Prior to potential marketing authorization, GBT initiated an early access program for voxelotor in Europe and other regions outside the United States, which enables physicians to use early access regulatory and legal pathways to request voxelotor for the treatment of hemolytic anemia in eligible patients with SCD who do not have access to the medicine as part of a clinical trial.
These are important steps forward on our journey, and we remain committed to developing novel treatments with the hope of transforming the lives of those living with SCD.
What are your hopes for the future with regard to improving treatment outcomes for patients with SCD?
Beyond voxelotor, GBT has a robust pipeline and is seeking to address SCD from multiple approaches. GBT is advancing next-generation investigational therapies for SCD to transform the treatment of this devastating lifelong disease – both through internal R&D and via collaborations with academic centers and industry experts in the field throughout the globe. Our SCD development pipeline is focused on the development of innovative small molecules and biologics aimed at addressing multiple pathologies of the disease including hemoglobin polymerization and vascular inflammation.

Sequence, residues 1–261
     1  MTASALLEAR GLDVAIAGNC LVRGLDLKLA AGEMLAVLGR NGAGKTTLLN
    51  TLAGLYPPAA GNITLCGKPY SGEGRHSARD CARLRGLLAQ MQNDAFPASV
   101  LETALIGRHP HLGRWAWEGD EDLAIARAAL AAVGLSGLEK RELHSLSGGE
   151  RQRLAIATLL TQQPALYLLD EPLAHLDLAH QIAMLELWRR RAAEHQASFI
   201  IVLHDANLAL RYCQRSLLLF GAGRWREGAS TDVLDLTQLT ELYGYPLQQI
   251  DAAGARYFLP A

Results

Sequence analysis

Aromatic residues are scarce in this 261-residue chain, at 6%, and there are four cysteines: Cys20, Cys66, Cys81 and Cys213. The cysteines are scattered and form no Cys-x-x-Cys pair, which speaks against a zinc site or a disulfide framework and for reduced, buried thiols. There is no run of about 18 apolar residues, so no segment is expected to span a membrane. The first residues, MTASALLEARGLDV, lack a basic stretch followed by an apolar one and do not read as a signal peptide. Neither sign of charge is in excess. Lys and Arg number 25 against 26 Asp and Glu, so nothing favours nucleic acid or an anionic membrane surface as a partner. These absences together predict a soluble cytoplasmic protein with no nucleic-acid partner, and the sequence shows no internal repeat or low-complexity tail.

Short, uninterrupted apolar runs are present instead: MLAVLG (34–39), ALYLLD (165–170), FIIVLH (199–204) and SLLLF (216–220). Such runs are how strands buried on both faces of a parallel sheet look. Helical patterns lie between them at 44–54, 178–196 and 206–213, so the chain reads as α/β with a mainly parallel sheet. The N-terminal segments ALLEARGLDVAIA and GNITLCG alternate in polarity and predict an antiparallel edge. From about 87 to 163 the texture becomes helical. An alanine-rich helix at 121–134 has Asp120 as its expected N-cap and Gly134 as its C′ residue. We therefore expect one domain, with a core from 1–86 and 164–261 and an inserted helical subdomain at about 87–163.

At GBT, we are committed to fostering workplace development, diversity, and inclusion at our company and throughout the biotech industry. This is an important part of our future and our ability to impact SCD patients’ lives is the strength of our company culture. As General Manager of GBT in the UK, empowering my team with our GBT vision, we are determined to shine a light on those living with SCD and address the inequalities faced by this community.
How are you partnering with the patient community and what is the shared vision that you bring in terms of leading for the future?